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Ofcom Scorecards Help Compare Big Mobile and Broadband ISPs

Thursday, January 9th, 2020 (10:32 am) - Score 2,026
consumer satisfaction broadband rating

The national communications regulator, Ofcom, has today partnered with the UK Regulators Network (UKRN) to publish a series of new scorecards that are intended to help customers compare several key areas from the largest broadband ISPs, mobile and phone providers. But what of smaller providers? Forget about it.

The scorecards, which are being published alongside Ofcom’s annual Pricing Trends report, also include data from the Consumer Council for Water, FCA, Ofgem and Ofwat. In summary, they allow people to compare providers by overall satisfaction, complaints to Ofcom per 100,000 subscribers and a Net Promoter Score. Mobile operators are also given a satisfaction score for value of money.

NOTE: Net Promoter scores measure the willingness of customers to recommend a company’s products or services to others (on a scale of -100 to 100).

The eagle-eyed among you will no doubt be aware that it’s already possible to get these results from existing reports, although Ofcom has now collected them together and thus made the information easier to find. Overall the regulator notes that most people are happy with the service they get, with satisfaction in the mobile, broadband and landline markets now at 93%, 86% and 83% respectively.

We should point out that the overall average performance scores below relates only to the providers included in the analysis (those with at least a 4% market share). BT Mobile didn’t quite meet this inclusion criteria and so some of their fields are blank (same for KCOM and Post Office in the broadband and landline category).

ofcom ukrn scorecard broadband mobile landline

As usual TalkTalk seems to languish at the bottom of the big boys table. Otherwise you can read the full report here (pdf), including results for providers in other sectors.

Lindsey Fussell, Ofcom’s Consumer Group Director, said:

“When you’re shopping around for a phone or broadband provider, there are lots of different things to think about – from price to the quality of service you’re likely to get. These scorecards help you easily compare how different providers perform, so you can choose the right service for you.”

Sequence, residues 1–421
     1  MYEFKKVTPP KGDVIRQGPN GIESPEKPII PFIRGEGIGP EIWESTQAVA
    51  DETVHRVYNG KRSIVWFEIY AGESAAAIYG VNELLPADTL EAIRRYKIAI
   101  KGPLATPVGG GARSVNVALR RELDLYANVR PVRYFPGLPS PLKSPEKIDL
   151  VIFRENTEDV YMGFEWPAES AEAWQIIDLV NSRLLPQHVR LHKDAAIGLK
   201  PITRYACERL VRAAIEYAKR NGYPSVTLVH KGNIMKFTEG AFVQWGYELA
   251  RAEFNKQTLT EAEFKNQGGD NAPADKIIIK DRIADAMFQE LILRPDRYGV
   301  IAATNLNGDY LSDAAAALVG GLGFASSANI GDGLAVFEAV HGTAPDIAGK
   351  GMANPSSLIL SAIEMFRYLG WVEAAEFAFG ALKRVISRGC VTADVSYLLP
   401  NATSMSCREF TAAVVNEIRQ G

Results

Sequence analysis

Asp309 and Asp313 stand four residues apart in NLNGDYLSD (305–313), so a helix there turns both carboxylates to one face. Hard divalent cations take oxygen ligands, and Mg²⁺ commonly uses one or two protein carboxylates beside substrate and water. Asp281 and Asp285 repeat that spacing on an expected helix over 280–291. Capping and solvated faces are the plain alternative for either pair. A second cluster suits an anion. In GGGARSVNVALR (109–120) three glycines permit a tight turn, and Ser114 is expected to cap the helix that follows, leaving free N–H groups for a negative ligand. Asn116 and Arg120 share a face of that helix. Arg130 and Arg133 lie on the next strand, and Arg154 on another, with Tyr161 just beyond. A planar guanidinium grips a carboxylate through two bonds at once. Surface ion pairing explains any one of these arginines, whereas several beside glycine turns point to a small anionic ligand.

The biggest flaw in these “scorecards” is that they’re only based on a limited set of metrics and only look at the largest consumer providers, which for good or ill ultimately ignores literally hundreds of smaller providers (due to a lack of sample data). Nevertheless the more data consumers have access to the better and on that front this is a positive development.

We’ve also included a quick summary from the new 2020 Pricing Trends report below. Take note that the average price comparison with other European countries relates to dual-play and triple-play services. In addition, out-of-contract pay-monthly mobile customers includes people with bundled contracts, split contracts and SIM-only contracts with a minimum term of 12 months or more.

Key Pricing Trends Findings

The price of mobile services continues to fall.
Mobile customers in the UK pay less than those in France, Germany, Italy, Spain and the US, with the cost of average mobile call, text and data use now £13 per month – £2 lower than in 2018. Cheaper deals are becoming more popular, with 38% of all mobile customers now on SIM-only, up from 34% the previous year. The cost of mobile tariffs with higher data allowances has also fallen, while mobile data use has risen sharply – showing our mobile phones are becoming cheaper to use for the things that matter to us the most.